Correction: An earlier version of this post said the Sunday night newscast will continue from 10:55 to 11:05pm. While it stays 10 minutes long, it will actually be 11 to 11:10pm, starting next Sunday.
This weekend was the start of CBC television's fall season, but its biggest effects will be felt starting today, as talk show George Stroumboulopoulos Tonight moves to 7pm and the late local newscasts expand from 10 minutes to half an hour.
Nancy Wood, who took over anchoring the late local news this spring, only to learn shortly thereafter that her on-air time would be tripled, tells me she's excited but anxious about the debut.
I was curious about what kind of changes we could expect with this new newscast. Wood told evening anchor Debra Arbec that they would have two reporters working evening shifts to file reports between the two newscasts.
The biggest change one would expect for the expansion of a late newscast would be in sports coverage. Aviva Herman of CBC Montreal communications tells me there won't be a specific sportscaster or sports reporter for late night, at least for now, but "Nancy will be reading sports highlights from a local and national perspective."
Previously, the late local anchor would provide a voice-over recap of games involving Montreal teams, but there wasn't a larger sports highlight package. This led to strange situations like the "CBCSports.ca update" during the NHL playoffs that spoke about upcoming games without saying what happened that night.
We'll see what this new format has in store.
The biggest change, though, will be in timing. The previous 10-minute newscast was sandwiched between The National and George Stroumboulopoulos Tonight, running from 10:55 to 11:05pm. This meant anyone watching something other than The National at 10pm would miss the first half of the newscast, and anyone wanting to watch something different at 11 would either miss the first five minutes of that show or cut out halfway through their local news.
Now, with the start at 11pm and running a full half-hour, it fits schedules better. It also goes head on against Global Montreal's low-rated late local newscast and the high-rated CTV National News. Those wanting to be in bed by 11:30 and preferring local to national and international news might decide check out CBC.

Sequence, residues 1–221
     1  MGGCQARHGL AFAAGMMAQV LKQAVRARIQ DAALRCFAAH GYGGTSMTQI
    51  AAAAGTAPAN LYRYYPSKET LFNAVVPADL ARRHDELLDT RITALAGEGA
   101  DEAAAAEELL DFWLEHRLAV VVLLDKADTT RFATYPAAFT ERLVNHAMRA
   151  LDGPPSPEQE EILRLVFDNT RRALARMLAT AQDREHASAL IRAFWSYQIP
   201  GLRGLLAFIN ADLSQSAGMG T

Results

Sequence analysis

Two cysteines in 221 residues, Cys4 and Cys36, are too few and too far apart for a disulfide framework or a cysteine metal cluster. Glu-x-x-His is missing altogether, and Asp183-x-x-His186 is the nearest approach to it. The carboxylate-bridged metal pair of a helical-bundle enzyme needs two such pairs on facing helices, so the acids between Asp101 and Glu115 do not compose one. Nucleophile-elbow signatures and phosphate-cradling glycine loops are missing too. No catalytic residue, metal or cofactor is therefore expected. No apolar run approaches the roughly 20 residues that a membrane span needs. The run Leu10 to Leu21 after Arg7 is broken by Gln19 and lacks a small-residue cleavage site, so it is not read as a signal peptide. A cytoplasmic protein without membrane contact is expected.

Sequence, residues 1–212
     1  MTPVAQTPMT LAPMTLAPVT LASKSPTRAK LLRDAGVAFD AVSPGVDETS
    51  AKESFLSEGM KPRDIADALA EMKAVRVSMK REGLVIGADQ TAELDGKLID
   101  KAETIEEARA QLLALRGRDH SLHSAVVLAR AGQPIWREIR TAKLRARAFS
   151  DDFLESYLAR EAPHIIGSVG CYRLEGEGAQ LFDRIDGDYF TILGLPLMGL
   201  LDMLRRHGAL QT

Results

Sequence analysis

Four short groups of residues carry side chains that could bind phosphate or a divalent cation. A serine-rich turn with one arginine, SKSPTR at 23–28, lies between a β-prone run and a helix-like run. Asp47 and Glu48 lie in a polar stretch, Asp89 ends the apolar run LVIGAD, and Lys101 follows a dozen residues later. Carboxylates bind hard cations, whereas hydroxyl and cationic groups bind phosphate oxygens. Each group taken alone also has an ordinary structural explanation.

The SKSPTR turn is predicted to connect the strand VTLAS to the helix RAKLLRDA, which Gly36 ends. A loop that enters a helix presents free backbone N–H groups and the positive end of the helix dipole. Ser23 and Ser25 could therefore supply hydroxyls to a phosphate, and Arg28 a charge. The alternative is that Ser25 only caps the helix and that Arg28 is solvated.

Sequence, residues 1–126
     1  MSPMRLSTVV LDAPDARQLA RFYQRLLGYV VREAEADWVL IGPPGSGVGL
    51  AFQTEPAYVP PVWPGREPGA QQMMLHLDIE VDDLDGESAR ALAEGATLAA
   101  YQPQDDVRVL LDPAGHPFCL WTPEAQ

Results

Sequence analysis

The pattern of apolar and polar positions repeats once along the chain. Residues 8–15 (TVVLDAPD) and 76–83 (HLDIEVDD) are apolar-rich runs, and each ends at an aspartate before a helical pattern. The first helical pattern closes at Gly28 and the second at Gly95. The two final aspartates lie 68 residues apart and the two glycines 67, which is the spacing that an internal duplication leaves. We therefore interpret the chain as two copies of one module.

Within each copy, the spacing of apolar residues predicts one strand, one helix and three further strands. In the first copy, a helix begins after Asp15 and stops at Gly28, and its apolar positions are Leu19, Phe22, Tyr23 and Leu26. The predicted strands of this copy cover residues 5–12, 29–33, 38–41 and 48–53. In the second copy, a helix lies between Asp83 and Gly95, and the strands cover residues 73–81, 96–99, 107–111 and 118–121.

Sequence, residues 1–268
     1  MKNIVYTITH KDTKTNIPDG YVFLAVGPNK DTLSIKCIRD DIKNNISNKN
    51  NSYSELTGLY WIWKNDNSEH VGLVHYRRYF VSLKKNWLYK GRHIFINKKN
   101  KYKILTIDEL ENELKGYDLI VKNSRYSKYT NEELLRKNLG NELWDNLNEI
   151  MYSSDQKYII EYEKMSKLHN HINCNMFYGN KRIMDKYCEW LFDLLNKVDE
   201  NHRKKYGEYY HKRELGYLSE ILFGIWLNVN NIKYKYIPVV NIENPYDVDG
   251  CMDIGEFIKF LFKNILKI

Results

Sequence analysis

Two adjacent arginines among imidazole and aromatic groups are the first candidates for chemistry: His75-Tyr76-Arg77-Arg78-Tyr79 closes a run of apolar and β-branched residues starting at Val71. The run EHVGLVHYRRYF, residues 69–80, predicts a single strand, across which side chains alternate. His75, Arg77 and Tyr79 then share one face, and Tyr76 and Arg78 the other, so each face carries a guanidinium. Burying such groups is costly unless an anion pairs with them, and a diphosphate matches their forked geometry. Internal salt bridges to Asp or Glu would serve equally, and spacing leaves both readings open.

How it went
The late newscast is still very focused on local news, since it follows The National. No filling of time with packaged reports from other cities, at least not for now.
Other features taking up all that extra time:
- Three weather segments, which have different graphics but seem to present the same information. On the first show, weather segments with Frank Cavallaro lasted 3:51 total.
- The CBCSports.ca Update is now done as a national package of a minute and a half, rather than voiced by the local anchor. Local sports news (including Canadiens/Alouettes/Impact highlights) are still presented separately.
- There's a next-day news look-ahead, teasing the stories that will make news the next day. It includes both a local and national component.
People like me who really disliked the awkward anchor throws to George Stroumboulopoulos promos in the middle of the newscast will be relieved that they're no longer doing it that way. The promos still exist (even though they're now teasing a rebroadcast of a show from earlier in the night), in the middle of the newscast as a self-contained promo ad, and at the end where the anchor says to stay tuned for Strombo.
Though it's an improvement, I remain very uncomfortable with newscasts being used like this for advertising, even if it's self-promotion.
Technical growing pains
Minor and moderate technical problems continue to plague the late newscast. It would be easy to dismiss this as the kind of mistakes that happen when you're doing something new, but it happens too often, to the point where I'm now starting to expect such errors at 11pm.
The first show saw the virtual set disappear for a few seconds, as you see above, removing any illusion that there's a futuristic blue set that in no way resembles their evening news set. (On Day 2, they pulled away the green screen and went with the real control-room background you see on weekends or in some reporter debriefs. Wood says a new backdrop should be coming in a week or two.)
The larger mistake happened when the first packaged report was played again in place of the second, forcing reporter Alison Northcott to ad-lib.
The second show went smoother. The worst thing I saw, besides some timing issues, was a graphic with a typo ("Tobacco trial" became "Tobacco trail")
CBC News: Montreal at 11 airs weeknights from 11 to 11:30pm. The late Sunday newscast retains its 10-minute format
from 10:55 to 11:05pm, but starting at 11pm instead of 10:55pm.